The Battle of the Buses
Written by Bwog Staff
If you’re heading home via bus this Thanksgiving weekend, make an informed choice! Here, Bwog correspondents persuade you to ride DC2NY, Bolt, VamooseBus and, in an impassioned, extended defense, Fung Wah.
My experience with VamooseBus is a prime example of brand loyalty. When I first went to visit Columbia without my parents, my Columbia friend recommend VamooseBus. At the time, it was only $20, $35 for a round trip, and left from right outside my high school. It was still a fledgling service — another high school friend and I each had a set of two seats to ourselves, and, although the Subway system proved complicated at the time, (we called the 1 Train the “red line”), Vamoose and the friendly, overweight orthodox Jews who sold the tickets, were quite easy to deal with.
Since then, I’ve made countless trips from DC to NY and back. Vamoose was run out of the District by a rabbinical court ruling, upheld by an appeals court, and had to move to nearby Arlington and Bethesda, prices rose from $20 to $25, and the service got popular, so the buses are actually crowded. But the people are friendly, the seats are guaranteed, four tickets gets you a free pass, and they sometimes show good movies. It also seems to be the student’s choice bus — I’ve run into old elementary school friends on the Vamoose more than a couple times. On my two Chinatown bus experiences, one bus was overheated for the entire and the other stopped in Philly and Baltimore before heading toward D.C. With Vamoose, on the other hand, not only is the climate consistent, but the drivers always make the trip in four hours, pulling moves like taking back-road highways in New Jersey if I-95 is running slow.
I’ve heard good things about Bolt and DC2NY, but Vamoose has given my no reason to switch.
AND AIN’T NO GODDAMN CONGRESSIONAL STAFFERS! :)
— David Iscoe
Working in Washington DC for the last two summers, I had long been a reluctant denizen of the Fung Wah, careening my way up and down the Eastern Seaboard with all the other poor souls who can’t afford the train. And then, wonder of wonders, capitalism caught up with the transportation market. Some genius figured out that if you offered a bus service that was clean, timely, predictable, professional, and most important, friendly–all things that don’t cost much to provide–you could charge a small premium over the Chinatown lines, and customers would flock to it.
Before Megabus and BoltBus came in with their fancy pricing models and web of destinations, DC2NY made this happen for one prescribed route (it’s in the name) which is all some of us needed. It costs only about $25 each way, has wireless, always runs on time, and even gives you a snack upon boarding. I’ve come to recognize the drivers, who are relaxed and rule their buses with firm kindness. It has attracted a young Congressional staffer-type clientele, so even if the trip is packed, people are clean and well-behaved. Above all, they’re happy, shocked, and grateful to finally be treated with some shred of human dignity. When I get on a DC2NY bus, and I might as well be home.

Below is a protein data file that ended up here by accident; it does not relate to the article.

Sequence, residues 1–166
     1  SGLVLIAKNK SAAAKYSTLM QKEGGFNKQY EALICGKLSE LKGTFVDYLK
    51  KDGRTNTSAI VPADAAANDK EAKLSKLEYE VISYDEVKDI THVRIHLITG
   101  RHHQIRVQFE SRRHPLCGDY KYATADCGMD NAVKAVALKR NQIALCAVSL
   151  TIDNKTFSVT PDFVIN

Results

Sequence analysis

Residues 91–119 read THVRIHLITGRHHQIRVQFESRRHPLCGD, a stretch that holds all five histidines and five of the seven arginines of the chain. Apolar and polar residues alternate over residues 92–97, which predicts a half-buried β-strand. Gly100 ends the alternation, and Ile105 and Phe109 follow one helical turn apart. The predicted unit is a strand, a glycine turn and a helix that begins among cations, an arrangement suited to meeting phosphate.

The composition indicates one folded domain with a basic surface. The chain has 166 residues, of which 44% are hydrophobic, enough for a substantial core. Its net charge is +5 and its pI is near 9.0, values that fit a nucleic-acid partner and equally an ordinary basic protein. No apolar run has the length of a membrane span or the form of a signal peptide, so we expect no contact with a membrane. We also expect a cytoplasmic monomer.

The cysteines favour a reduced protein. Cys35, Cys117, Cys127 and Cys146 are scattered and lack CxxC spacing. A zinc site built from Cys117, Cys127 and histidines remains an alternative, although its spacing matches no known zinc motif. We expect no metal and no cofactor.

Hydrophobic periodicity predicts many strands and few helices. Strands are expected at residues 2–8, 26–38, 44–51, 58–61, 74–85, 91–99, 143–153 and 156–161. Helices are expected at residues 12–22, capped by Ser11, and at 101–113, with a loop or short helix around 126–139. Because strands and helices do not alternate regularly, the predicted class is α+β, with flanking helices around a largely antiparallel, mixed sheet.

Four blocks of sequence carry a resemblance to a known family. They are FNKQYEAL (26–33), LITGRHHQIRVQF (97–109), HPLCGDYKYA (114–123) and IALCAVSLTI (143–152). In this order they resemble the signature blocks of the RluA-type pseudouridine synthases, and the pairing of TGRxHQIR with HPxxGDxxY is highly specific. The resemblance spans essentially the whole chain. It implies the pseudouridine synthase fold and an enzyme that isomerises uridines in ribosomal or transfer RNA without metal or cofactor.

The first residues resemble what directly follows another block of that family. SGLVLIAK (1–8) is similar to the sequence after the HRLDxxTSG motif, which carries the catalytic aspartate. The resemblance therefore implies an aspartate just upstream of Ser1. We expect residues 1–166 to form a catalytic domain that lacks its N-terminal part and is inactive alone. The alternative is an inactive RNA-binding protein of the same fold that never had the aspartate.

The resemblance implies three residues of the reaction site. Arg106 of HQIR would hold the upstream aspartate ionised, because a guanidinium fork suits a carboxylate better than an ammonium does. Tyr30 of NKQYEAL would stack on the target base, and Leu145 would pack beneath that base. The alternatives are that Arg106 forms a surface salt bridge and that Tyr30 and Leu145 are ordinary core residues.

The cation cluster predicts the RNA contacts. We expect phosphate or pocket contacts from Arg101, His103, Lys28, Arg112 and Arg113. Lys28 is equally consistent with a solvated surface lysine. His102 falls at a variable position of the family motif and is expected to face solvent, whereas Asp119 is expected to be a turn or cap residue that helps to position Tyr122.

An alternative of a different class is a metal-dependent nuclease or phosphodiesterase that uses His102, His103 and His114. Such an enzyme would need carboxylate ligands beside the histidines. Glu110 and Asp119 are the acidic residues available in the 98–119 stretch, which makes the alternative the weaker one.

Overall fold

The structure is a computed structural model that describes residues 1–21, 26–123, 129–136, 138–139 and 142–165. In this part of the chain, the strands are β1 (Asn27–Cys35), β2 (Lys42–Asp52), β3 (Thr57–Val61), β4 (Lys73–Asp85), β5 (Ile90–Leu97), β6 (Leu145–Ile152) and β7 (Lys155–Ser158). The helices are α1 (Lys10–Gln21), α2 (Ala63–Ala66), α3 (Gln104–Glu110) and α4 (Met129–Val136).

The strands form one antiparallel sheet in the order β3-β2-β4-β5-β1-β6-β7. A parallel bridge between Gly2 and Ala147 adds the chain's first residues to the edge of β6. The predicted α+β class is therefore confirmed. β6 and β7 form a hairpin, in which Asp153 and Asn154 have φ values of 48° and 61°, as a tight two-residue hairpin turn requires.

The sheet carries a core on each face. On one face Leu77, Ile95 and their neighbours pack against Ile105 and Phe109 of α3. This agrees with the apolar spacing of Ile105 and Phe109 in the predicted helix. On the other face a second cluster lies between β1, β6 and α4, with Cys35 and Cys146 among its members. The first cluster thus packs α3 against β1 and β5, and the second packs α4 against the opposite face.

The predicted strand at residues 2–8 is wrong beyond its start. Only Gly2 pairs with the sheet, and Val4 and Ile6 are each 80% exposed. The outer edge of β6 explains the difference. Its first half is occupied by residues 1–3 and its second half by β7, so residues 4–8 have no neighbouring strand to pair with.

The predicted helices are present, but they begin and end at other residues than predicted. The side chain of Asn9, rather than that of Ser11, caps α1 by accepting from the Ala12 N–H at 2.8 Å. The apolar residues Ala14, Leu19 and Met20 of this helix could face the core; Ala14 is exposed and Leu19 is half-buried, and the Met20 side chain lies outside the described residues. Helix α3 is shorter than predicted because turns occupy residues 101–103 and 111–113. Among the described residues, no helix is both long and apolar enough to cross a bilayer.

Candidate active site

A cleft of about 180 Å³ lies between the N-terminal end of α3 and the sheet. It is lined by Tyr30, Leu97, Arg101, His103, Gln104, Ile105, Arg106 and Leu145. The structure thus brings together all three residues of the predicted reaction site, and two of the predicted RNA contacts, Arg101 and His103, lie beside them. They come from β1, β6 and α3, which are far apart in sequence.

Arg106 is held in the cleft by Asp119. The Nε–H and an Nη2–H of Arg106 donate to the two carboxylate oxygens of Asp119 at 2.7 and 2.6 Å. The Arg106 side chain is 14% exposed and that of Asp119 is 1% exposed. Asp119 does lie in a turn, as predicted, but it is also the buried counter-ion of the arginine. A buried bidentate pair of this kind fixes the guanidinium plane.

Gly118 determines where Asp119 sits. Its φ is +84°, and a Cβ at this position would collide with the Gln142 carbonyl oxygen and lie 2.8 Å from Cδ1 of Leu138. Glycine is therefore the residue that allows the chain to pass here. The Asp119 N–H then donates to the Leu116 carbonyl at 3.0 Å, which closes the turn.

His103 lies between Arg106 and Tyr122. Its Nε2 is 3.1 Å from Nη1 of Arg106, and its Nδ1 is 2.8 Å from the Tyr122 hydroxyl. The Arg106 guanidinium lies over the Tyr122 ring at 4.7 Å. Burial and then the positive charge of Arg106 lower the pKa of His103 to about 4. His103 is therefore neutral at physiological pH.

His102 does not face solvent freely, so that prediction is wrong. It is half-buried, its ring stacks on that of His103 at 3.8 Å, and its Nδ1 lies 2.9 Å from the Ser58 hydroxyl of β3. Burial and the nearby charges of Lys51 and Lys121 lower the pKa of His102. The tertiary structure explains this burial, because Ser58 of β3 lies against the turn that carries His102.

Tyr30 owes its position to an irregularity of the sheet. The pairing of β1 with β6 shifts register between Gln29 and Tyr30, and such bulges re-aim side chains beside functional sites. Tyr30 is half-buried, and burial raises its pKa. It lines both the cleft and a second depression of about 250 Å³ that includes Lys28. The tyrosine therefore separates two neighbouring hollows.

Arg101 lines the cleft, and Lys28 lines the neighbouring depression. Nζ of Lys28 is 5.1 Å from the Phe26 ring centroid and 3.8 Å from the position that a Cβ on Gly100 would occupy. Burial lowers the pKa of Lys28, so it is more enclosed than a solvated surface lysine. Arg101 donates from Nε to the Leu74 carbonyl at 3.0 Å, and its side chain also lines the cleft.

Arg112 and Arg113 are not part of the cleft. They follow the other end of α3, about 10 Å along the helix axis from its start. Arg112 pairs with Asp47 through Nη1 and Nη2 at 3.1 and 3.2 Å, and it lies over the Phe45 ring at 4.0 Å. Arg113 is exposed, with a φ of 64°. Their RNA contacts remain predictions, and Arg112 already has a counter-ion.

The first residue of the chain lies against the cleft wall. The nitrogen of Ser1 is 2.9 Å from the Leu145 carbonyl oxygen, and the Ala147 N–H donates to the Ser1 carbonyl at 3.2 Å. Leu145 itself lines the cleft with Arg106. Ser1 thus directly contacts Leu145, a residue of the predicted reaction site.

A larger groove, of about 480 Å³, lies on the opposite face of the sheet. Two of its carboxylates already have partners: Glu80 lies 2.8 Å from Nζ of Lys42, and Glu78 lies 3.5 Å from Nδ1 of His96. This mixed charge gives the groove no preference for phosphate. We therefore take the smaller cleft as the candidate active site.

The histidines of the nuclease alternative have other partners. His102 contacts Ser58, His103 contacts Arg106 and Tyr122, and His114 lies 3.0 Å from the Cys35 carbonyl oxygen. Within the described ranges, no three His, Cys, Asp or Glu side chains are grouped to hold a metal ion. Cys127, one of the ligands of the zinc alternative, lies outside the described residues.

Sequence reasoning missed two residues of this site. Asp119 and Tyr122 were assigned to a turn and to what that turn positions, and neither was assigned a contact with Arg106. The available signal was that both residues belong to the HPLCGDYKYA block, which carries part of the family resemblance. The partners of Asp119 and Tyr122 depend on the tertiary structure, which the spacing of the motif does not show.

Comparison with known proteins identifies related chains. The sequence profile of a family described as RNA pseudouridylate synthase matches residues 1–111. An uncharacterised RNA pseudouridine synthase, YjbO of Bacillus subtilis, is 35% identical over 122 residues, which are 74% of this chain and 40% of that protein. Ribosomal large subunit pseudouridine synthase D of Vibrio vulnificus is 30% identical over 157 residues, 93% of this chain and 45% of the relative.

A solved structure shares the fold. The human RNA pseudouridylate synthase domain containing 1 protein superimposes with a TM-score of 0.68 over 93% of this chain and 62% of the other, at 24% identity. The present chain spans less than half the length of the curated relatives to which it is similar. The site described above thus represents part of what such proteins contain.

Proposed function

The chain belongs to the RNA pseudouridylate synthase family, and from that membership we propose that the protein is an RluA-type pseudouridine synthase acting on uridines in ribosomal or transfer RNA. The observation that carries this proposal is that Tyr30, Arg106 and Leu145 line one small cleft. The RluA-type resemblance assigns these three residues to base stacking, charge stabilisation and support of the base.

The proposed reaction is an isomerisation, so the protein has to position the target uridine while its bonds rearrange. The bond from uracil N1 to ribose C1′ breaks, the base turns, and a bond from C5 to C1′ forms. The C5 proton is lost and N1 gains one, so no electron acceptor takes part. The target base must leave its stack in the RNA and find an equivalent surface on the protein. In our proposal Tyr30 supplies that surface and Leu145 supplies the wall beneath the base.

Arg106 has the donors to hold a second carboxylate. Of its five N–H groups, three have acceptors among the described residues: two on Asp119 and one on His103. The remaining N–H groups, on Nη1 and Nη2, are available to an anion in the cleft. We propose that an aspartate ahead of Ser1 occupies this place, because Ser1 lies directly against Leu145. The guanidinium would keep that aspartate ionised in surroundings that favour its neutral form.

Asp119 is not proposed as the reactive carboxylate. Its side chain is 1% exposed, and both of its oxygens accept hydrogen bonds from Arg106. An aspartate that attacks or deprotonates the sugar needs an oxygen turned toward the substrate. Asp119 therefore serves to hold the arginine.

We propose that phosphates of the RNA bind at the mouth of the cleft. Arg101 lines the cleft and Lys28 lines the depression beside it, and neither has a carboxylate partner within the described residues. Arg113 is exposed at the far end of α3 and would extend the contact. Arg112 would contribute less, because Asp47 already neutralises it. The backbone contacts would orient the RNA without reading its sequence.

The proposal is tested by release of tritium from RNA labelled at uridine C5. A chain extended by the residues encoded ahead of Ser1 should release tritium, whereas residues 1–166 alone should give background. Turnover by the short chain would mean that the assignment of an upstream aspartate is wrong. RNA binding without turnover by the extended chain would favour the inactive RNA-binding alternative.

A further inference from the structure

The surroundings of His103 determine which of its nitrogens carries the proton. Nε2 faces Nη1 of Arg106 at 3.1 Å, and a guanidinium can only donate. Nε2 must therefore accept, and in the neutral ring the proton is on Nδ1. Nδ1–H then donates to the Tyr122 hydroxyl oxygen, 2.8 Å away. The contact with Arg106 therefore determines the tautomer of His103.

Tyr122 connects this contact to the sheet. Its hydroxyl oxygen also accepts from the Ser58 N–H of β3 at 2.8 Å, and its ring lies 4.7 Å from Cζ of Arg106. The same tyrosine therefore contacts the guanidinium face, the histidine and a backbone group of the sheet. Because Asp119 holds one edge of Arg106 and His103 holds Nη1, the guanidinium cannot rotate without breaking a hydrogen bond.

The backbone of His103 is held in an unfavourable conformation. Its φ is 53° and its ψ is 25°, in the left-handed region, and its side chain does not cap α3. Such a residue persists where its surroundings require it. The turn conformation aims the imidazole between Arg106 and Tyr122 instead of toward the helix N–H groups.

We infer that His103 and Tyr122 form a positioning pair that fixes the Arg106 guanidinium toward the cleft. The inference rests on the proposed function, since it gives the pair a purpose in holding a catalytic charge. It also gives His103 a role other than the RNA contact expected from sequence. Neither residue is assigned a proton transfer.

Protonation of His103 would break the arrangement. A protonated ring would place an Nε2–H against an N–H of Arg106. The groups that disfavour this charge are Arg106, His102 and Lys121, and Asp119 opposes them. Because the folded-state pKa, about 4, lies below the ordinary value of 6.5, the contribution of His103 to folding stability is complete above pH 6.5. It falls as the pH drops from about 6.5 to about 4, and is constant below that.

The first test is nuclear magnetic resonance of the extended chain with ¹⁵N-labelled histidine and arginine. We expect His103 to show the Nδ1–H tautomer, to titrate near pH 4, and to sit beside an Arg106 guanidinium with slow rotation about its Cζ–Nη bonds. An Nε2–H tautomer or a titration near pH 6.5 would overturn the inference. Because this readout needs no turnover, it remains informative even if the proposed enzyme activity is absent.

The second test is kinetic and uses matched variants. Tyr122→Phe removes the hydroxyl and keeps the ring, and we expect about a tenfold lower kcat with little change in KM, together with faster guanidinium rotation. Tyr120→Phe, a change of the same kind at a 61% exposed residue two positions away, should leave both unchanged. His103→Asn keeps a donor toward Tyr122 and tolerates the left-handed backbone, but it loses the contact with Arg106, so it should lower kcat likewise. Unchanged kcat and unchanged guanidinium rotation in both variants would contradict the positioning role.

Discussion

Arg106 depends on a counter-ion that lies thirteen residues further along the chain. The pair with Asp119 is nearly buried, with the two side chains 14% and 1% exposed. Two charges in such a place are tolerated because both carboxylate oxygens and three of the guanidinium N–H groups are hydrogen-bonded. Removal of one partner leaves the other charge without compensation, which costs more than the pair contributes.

— Lydia DePillis
Bolt Bus needs no defense, but here goes. Its plush seats (some buses even have leather), wireless internet, and decent prices are reason enough to go for this new line. I used to be a proponent of the Chinatown bus, despite the fact that they were difficult to access (who wants to go all the way to East Broadway to get a bus) and frequently overbooked during the holidays. However, Bolt Bus snagged me with it’s $1 promotional tickets and the fact that it departs from Penn Station. Sure, they might come an hour late and take 5 hours for a trip that should take 4, but you enjoy every second of your time on the Bolt and quality movies or the internet are there to distract you the whole time.
Now that the prices have gone up, Bolt’s comparative economic advantage has dwindled, but if you are going to book a trip a month in advance that is not during Thanksgiving, Christmas, or Independence Day, you will have no trouble securing a seat during optimal traveling hours for between $5-10. Even the maximum price of $25 one way is not terrible compared to the regular Greyhound or, god forbid, the train, and you know you will get a seat (your priority number is printed on your ticket). In short, Bolt Bus is a cheap, comfortable way to ride home for the holidays. It has better wireless reception than Butler, more comfortable chairs than John Jay dining hall, and will take you anywhere between DC and Boston in style.